Something like a grim smile passed over Lady Anne's countenance.
"Well, you have put it before me and I refuse to have anything to do with it; therefore the responsibility is off your shoulders. In an hour, then, I shall expect you, Mr. Cardyn. By the way, under what name shall you pass as my secretary?"
"Oh, Cardyn, please," the detective said at once. "Of course, in any mention of our work officially, we are called by the name of the firm, and even that is not as well-known to the criminal classes as I should like it to be."
"As you wish." Lady Anne touched the bell and the footman appeared to show Cardyn out.
The detective glanced at him keenly. "A young man from the country," he decided.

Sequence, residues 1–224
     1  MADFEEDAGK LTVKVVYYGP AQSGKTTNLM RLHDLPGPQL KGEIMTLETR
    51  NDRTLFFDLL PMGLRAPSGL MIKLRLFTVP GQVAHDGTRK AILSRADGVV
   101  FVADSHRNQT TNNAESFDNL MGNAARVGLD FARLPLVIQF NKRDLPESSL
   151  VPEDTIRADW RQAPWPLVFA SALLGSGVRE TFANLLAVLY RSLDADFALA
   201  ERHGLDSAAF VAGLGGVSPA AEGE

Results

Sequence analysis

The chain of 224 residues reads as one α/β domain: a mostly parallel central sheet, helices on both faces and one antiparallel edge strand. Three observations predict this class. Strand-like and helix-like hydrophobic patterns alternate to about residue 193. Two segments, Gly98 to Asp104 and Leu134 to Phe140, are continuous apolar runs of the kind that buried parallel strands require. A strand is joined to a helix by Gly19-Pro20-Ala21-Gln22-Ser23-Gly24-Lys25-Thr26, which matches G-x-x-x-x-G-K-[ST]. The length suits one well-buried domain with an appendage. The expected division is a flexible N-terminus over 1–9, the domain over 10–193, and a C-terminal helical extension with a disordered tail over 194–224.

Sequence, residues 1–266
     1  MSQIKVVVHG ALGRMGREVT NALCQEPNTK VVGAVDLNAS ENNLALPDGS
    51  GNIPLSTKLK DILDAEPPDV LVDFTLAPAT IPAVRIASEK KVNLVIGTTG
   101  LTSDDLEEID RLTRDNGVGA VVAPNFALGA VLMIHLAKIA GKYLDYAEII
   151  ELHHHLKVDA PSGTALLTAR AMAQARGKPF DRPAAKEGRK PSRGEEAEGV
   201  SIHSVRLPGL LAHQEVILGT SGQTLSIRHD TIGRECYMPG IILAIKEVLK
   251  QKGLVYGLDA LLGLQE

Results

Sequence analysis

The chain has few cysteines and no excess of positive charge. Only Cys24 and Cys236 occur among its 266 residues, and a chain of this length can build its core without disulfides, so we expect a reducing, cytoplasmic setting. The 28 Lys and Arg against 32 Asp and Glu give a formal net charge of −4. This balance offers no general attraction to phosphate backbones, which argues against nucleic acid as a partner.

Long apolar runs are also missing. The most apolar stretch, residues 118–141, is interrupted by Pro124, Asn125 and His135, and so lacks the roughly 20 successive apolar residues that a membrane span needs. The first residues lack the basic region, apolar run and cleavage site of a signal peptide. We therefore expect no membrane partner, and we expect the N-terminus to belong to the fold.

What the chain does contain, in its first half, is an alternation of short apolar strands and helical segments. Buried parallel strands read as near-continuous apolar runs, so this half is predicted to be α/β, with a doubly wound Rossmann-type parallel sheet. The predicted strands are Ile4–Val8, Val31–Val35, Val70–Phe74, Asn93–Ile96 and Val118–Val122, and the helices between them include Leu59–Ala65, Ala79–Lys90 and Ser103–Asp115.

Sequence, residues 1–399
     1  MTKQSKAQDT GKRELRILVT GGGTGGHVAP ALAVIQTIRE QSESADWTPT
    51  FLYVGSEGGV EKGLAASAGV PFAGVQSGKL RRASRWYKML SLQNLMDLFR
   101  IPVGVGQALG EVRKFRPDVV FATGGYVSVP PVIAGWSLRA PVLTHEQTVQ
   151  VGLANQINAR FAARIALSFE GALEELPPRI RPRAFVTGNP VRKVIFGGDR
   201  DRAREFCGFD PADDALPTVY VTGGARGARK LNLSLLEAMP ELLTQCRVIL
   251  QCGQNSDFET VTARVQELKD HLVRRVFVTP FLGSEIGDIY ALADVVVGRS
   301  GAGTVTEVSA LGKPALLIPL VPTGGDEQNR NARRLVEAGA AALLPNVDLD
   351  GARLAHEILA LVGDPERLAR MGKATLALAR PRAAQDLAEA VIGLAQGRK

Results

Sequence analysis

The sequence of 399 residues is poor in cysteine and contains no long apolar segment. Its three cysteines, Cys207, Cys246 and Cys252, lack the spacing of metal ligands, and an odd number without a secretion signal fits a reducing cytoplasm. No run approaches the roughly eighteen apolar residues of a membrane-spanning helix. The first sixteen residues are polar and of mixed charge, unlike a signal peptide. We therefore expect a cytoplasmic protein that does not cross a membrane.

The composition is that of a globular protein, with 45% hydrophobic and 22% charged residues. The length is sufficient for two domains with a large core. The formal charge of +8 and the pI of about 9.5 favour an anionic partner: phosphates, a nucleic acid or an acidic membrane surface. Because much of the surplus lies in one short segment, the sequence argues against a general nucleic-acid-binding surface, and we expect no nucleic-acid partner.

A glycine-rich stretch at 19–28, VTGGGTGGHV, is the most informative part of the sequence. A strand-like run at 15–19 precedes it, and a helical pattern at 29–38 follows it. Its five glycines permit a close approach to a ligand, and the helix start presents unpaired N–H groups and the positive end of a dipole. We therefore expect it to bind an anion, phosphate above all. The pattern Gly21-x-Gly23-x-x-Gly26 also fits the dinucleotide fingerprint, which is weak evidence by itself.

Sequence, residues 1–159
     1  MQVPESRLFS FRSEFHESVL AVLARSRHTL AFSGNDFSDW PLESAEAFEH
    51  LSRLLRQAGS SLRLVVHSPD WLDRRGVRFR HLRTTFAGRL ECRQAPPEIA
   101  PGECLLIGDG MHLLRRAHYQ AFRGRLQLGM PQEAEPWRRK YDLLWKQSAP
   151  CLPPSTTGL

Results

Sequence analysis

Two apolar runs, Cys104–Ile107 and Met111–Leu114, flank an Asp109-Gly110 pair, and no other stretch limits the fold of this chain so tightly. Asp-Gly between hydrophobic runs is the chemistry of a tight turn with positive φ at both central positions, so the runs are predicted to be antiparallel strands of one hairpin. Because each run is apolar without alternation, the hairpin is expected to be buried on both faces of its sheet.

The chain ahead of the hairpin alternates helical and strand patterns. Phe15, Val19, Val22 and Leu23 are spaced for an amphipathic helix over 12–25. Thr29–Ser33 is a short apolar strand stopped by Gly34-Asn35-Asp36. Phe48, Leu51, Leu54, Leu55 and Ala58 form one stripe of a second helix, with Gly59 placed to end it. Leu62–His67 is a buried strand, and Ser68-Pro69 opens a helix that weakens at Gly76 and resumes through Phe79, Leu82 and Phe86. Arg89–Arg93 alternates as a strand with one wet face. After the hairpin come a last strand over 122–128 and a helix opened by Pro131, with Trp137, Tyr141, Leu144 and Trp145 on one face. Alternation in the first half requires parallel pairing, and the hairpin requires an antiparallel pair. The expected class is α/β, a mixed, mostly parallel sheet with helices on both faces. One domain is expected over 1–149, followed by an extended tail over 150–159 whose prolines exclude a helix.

Soames, the butler, was hovering about in the hall, a benevolent-looking, elderly man, whose bland face and dignified, stately manner might have been those of a Bishop or a Minister of State.
Cardyn took a taxi back to his office. As he let himself in with a key his partner looked out of the adjoining room—a keen-faced, clean-shaven man, a few years older than Cardyn.
"Well!" Cardyn responded in a non-committal voice.
The other laughed.
"Is it to be you or me?"
"Me, I think!" Cardyn's voice was firm. "For the reason I told you I wish to undertake the work."
"Monsieur Melange is with her ladyship, sir."
"Monsieur Melange!" Bruce Cardyn repeated with a doubtful glance at Soames's placid face.